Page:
After nearly three years of operation and some very obvious gains to agriculture, the Agricultural Adjustment Act was de­clared unconstitutional by the United States Supreme Court. The advantages of such regulation not only to agriculture but to the economic community as a whole were so great that the prin­cipal features of the AAA were incorporated into another act. In the Soil Conservation Act of 1935 Congress opened up a new approach to this program. This Act declared it to be "the policy of Congress to provide permanently for the control and preven­tion of soil erosion and thereby to preserve natural, resources, control floods, prevent impairment of reservoirs, maintain the navigation of rivers and harbors, protect public health and public lands, and to relieve unemployment." In order to secure the co­operation of farmers in soil conservation they were a year later subsidized for shifting their acreage from crops in which there is an oversupply into a soil-building crop such as alfalfa and clover.

According to Henry A. Wallace, at that time Secretary of Agri­culture, the soil conservation program alone did not provide sufficient control over agriculture to eliminate the tremendous surpluses that were building up year after year. In 1938 a revived AAA program was introduced in which the states shared with the federal government the work of stabilizing agriculture. Limitation of acreage, and quotas set upon the sale of produce featured the program. It was financed out of general taxation.

The keystone of the New Deal power arch is the Tennessee Valley Authority. Becoming owner of over 2000 acres on the Tennessee River at Muscle Shoals used primarily as a site for nitrate manufacture during World War I, the government was at a loss to know how to use the property when the war was over. No solution to the controversy which raged over this issue was found until 1933 when Congress passed the Tennessee Valley Authority Act. This legislation was designed to improve the navigability and control floods on the Tennessee River to provide for reforestation, reclamation, and profitable use of the land in the Valley, and to operate the nitrate plants in the interest of national defense. The program was financed by a $50,000,000 appropriation from Congress and the sale of bonds up to a similar amount to the general public. The generation of electric power as incidental to building the dams for flood control has been one of the most significant phases of the program. Power thus developed is sold to public and private organizations at rates which presumably act as a yardstick for the production and sale of electric power by privately owned public utilities. Taken all to­gether the T.V.A. program represents the most spectacular effort in America to plan the economic and social relationships of 2,000,000 Americans and 40,000 square miles of land.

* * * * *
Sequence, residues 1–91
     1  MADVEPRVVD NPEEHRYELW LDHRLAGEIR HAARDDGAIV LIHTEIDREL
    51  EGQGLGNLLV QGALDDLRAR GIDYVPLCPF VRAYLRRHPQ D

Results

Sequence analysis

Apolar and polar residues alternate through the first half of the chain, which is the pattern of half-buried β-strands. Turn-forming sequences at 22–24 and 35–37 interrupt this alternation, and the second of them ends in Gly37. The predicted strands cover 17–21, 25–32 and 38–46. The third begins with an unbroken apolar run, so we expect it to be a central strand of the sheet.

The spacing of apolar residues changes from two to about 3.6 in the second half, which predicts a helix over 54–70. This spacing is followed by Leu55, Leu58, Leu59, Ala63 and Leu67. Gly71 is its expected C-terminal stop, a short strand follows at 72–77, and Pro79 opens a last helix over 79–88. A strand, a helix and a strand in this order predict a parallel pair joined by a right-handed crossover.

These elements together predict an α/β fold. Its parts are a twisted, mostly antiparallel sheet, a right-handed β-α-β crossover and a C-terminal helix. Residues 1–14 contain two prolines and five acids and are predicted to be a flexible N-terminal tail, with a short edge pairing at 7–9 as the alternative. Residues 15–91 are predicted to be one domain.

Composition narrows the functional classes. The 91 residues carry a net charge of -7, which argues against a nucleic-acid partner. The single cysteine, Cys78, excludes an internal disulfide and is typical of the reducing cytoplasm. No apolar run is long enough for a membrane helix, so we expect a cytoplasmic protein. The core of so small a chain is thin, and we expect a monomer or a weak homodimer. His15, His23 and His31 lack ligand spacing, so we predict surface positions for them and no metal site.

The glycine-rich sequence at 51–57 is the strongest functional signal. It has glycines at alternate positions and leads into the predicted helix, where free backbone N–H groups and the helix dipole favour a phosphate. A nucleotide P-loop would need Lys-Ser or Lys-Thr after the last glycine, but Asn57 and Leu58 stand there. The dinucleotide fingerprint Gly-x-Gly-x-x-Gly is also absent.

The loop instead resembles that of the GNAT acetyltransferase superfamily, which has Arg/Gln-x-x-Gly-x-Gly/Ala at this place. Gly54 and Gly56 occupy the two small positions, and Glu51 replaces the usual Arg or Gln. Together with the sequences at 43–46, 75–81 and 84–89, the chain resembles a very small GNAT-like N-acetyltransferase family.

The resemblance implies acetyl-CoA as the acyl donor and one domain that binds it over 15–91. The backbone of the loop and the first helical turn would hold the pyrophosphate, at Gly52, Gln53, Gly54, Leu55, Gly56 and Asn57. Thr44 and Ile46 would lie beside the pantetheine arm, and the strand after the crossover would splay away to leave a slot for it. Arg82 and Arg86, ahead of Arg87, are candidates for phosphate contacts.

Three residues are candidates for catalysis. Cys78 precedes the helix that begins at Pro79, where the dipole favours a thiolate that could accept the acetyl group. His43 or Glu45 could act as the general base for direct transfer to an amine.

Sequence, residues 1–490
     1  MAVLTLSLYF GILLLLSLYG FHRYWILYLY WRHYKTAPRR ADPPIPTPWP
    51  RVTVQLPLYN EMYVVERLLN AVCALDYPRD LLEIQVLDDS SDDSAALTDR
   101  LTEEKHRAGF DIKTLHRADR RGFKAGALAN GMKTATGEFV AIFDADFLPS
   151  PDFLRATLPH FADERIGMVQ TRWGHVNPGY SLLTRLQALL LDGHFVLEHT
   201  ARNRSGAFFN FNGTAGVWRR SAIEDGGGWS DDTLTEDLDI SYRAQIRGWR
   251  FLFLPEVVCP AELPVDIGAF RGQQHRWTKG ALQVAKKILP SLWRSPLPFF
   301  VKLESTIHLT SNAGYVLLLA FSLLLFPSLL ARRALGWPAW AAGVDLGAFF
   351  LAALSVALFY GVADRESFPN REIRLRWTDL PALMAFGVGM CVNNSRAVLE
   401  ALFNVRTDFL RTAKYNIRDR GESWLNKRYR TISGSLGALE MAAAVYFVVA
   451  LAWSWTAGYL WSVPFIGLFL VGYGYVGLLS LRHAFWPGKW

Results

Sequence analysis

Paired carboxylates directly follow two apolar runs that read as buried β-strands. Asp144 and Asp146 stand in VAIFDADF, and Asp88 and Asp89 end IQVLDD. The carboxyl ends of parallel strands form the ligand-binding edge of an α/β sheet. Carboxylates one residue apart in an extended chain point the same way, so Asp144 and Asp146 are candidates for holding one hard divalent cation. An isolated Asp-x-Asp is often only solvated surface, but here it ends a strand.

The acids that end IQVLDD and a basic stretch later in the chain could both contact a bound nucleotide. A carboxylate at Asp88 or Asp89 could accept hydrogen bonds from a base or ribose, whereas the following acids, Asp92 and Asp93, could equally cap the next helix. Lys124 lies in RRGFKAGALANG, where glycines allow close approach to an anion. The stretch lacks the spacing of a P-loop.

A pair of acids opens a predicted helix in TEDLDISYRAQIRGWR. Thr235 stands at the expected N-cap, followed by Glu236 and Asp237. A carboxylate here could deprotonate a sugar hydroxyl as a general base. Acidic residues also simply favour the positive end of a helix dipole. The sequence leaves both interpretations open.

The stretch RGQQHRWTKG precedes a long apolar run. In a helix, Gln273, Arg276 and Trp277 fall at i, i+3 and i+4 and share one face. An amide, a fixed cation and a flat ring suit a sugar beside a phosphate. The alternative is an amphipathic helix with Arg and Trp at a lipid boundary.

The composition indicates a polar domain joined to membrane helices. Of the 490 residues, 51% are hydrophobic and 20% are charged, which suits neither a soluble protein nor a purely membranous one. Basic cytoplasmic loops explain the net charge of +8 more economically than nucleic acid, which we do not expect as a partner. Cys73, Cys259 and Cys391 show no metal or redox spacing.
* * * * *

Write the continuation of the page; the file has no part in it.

A great variety of minor programs have been established in recent years to plan the use and conservation of natural resources and the stabilization of agriculture. There is the Farm Security Administration which is responsible for taking out of use about 10,000,000 acres of marginal land, and for resettling the owners or tenants of such land on good land. It also is responsible for assisting farm tenants to become owners and alleviating the dis­tress of those caught by natural or economic catastrophes. Then there is the Civilian Conservation Corps which consists of young men between the ages of 18 and 25 whose parents are unem­ployed or otherwise in need of public assistance. Designed partly as a means of combating unemployment among young men, the program contributed largely to the conservation and beautifica-tion of public and private farm and forest land.

The Soviet Union has worked out planned control of Russian agriculture and natural resources. The socialistic ideal, expressed in the Communist Manifesto of 1848, is complete ownership by the State of all land and natural resources. The road of the Rus­sian leaders has not been easy in this respect. Farming has been for centuries Russia's chief industry. It was also the stronghold of individualism. The chief aim of every peasant in the days of the Czar was to acquire a small strip of land for himself. Con­sequently when Lenin first attempted collectivization of farm land during the period of war communism, he met with strong opposition in the form of destruction of herds and seed grain. He was forced to accept a partial return to private ownership and private enterprise. Under his new Economic Policy, the kulak (private farmer) thrived and grew wealthy. Several years later under the Five Year Plan, Stalin attempted to collectivize the farms. Again sabotage and non-cooperation greeted his efforts, but the farms were collectivized. Conflicting reports made it dif­ficult to describe accurately the success or failure of the general principle of State ownership and management of mass produc­tion farms. The kulak has been eliminated and private hoarding condemned. Agriculture, mining, and other industries concerned primarily with the production of raw materials are now assigned quotas under the successive Five Year Plans just as industry has been.